Audience Appeal Requires Knowing Your Audience

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Howard Sherman, who writes on Audience Development and the arts, raised this question in a post from February of this year, ,

                “… as the “arts community” fights its valiant, essential, and never-ending battle to convince the public at large of the value of “the arts,” I cannot help but wonder whether those on the receiving end of such messaging each hear very different things when these words are presented to them.

Basically, he’s pointing out the difficulty in communicating with those who aren’t already aware of our brand. Do we understand who we’re trying to attract, and what appeals to them?  Do we know what they need to hear in order to be enticed into buying? Are we answering their questions or are we making assumptions and using those assumptions to guide our appeals? If we don’t understand what matters to our target audience, we might actually be turning them off with our marketing and advertising.

Here are a few assumptions I’ve heard about theatre audiences:

  •             Families with children don’t go to the theatre.
  •             Young people don’t come out to see Shakespeare.
  •             Men aren’t going to buy tickets to romantic comedies.
  •             Women aren’t interested in biography/history plays.
  •             Seniors are offended by profanity, nudity and sex onstage.

All of these are audiences you might want to attract, but are you making unfounded assumptions about them? Let’s look at one lucrative theatre audience: Seniors. These folks have time to attend plays, and often, they have the money to support theatrical organizations. They buy season tickets, and they might even donate money! During discussions about play selection and show promotions I’ve heard plenty of talk about Seniors and the pitfalls of plays that include “language,” or that are “too sexy.” The assumption is that if a play has vulgarity and sex, older people will be offended. They won’t buy tickets.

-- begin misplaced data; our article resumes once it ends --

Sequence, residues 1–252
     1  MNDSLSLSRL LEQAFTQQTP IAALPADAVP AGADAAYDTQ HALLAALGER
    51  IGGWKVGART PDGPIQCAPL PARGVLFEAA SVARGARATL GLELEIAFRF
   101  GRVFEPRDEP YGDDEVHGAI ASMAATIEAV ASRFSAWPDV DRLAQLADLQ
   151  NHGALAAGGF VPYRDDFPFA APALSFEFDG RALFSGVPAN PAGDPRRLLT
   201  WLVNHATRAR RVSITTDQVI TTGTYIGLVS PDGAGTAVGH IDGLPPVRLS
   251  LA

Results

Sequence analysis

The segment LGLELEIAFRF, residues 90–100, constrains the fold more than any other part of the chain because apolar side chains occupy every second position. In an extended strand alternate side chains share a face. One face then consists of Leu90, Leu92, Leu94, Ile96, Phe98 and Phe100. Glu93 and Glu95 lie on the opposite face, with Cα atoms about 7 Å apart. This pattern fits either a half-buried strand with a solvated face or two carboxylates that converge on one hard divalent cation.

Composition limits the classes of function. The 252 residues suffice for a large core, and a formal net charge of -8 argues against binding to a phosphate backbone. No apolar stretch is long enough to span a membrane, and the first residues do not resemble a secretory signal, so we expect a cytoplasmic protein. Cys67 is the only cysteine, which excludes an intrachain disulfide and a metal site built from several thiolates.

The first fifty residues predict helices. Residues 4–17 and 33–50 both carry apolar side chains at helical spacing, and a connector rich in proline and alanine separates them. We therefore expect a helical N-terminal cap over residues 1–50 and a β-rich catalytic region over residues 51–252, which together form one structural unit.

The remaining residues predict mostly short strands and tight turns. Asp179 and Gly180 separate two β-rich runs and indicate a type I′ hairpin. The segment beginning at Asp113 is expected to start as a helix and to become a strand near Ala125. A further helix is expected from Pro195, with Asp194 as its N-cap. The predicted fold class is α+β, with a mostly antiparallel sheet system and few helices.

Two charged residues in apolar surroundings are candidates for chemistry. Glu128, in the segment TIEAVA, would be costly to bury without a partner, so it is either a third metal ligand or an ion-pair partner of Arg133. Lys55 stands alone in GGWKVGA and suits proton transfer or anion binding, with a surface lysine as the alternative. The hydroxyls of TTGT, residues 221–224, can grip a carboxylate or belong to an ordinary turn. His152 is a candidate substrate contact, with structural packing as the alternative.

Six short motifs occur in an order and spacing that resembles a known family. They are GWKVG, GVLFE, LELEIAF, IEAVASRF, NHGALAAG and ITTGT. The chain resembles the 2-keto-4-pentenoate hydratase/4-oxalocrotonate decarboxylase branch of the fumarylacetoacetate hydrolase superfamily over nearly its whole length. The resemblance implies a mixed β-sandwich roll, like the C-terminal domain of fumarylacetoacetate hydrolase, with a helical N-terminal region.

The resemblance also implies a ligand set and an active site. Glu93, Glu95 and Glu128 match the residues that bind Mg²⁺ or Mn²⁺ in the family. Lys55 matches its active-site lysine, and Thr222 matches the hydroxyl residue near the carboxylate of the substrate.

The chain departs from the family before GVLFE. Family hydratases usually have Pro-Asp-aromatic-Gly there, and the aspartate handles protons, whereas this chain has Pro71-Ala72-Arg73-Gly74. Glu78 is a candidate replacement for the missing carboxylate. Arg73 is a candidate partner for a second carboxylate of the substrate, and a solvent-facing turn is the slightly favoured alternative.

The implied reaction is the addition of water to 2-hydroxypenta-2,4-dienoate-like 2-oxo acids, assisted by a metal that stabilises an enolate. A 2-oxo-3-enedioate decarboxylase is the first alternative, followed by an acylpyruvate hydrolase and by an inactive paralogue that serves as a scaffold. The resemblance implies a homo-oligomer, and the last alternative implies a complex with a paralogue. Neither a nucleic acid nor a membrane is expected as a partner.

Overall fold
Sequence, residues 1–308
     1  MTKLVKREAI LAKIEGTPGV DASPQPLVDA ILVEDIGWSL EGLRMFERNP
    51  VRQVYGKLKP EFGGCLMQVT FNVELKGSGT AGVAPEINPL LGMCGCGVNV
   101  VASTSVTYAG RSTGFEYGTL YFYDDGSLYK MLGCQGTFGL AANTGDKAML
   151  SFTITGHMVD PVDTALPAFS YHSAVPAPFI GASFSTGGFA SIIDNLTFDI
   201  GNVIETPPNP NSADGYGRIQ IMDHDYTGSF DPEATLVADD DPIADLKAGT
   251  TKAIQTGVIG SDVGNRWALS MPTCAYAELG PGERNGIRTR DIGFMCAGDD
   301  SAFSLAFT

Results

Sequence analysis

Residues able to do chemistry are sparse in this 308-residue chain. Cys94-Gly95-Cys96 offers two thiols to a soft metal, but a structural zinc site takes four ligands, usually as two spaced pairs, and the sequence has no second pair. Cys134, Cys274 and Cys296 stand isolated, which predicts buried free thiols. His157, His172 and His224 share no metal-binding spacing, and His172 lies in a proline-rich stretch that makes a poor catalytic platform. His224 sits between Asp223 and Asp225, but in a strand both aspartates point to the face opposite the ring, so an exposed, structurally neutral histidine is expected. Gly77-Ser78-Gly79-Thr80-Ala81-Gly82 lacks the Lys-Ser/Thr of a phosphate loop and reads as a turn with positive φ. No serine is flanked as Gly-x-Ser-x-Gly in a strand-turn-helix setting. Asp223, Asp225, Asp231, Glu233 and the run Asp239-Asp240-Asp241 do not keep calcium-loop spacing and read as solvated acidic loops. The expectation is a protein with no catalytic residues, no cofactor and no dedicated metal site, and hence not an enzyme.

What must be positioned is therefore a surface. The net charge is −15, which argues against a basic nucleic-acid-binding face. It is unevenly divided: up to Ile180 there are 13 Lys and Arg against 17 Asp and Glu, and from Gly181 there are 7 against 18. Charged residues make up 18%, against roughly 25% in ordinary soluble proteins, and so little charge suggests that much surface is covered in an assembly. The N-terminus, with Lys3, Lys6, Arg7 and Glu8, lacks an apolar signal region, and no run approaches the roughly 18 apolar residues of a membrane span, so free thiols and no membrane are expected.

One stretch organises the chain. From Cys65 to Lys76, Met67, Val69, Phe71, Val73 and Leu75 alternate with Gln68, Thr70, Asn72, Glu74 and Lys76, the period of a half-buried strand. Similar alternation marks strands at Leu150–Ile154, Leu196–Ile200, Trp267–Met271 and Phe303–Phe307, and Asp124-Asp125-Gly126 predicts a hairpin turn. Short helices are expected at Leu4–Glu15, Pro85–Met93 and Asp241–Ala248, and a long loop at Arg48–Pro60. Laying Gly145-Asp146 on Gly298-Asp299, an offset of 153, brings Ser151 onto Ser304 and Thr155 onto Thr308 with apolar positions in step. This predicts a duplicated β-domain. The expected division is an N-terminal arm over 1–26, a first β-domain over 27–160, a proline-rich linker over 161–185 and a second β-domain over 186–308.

Is that true?

Let’s take a moment (and a calculator) to do a little simple math and discover who these Senior audience members are as a generation. We’ll pick an audience member at random — a woman 65 years of age who’s name might be Beverly.

Beverly was born in 1948, so she’s a member of the Baby Boom. That means that she turned 20 years old in 1968 – the height of the era of flower children and free love. Of course, this doesn’t mean she was a hippie, but it does mean that she’s familiar with their ideas. When Beverly was 25, in 1973, the women’s lib movement was underway. There’s a good chance that instead of being a stay-at-home-Mom, Beverly worked part of her life. She didn’t turn 40 until 1988! Her kids were the ones wearing neon parachute pants and watching MTV.  And she only retired this year – but she’s still healthy and active.

So what’s my point? My point is that we can’t lump people into generic groups and assign them a single profile of characteristics. If we, as organizations, are making broad generalizations about what appeals to or offends “Seniors,” what other groups are we making broad generalizations about? And if we’re off the mark in our assumptions, what are the odds that our marketing and advertising appeals are going to draw them into our theatre?

 Before we can attract new audiences, we’re going to have to get to know those audiences.

 What do you think? Leave me a comment and share your thoughts on attracting new audiences.

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Katie Strickland

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